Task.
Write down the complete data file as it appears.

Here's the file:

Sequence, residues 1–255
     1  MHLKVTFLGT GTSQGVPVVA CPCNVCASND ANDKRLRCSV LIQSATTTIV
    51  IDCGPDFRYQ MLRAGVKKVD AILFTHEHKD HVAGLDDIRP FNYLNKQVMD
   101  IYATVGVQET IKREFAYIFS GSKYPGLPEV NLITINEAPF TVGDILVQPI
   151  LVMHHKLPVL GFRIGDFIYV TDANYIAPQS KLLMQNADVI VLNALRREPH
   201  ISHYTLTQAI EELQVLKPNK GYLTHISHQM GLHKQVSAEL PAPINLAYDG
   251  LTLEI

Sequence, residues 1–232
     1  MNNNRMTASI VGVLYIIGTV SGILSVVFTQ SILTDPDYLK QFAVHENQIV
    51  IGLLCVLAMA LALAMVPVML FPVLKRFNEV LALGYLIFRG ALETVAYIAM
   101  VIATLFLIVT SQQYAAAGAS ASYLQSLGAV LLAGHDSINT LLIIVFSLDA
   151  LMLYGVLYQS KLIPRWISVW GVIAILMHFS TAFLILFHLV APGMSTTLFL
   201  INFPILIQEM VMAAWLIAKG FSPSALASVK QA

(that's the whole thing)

Sequence, residues 1–255
     1  MHLKVTFLGT GTSQGVPVVA CPCNVCASND ANDKRLRCSV LIQSATTTIV
    51  IDCGPDFRYQ MLRAGVKKVD AILFTHEHKD HVAGLDDIRP FNYLNKQVMD
   101  IYATVGVQET IKREFAYIFS GSKYPGLPEV NLITINEAPF TVGDILVQPI
   151  LVMHHKLPVL GFRIGDFIYV TDANYIAPQS KLLMQNADVI VLNALRREPH
   201  ISHYTLTQAI EELQVLKPNK GYLTHISHQM GLHKQVSAEL PAPINLAYDG
   251  LTLEI

Sequence, residues 1–232
     1  MNNNRMTASI VGVLYIIGTV SGILSVVFTQ SILTDPDYLK QFAVHENQIV
    51  IGLLCVLAMA LALAMVPVML FPVLKRFNEV LALGYLIFRG ALETVAYIAM
   101  VIATLFLIVT SQQYAAAGAS ASYLQSLGAV LLAGHDSINT LLIIVFSLDA
   151  LMLYGVLYQS KLIPRWISVW GVIAILMHFS TAFLILFHLV APGMSTTLFL
   201  INFPILIQEM VMAAWLIAKG FSPSALASVK QA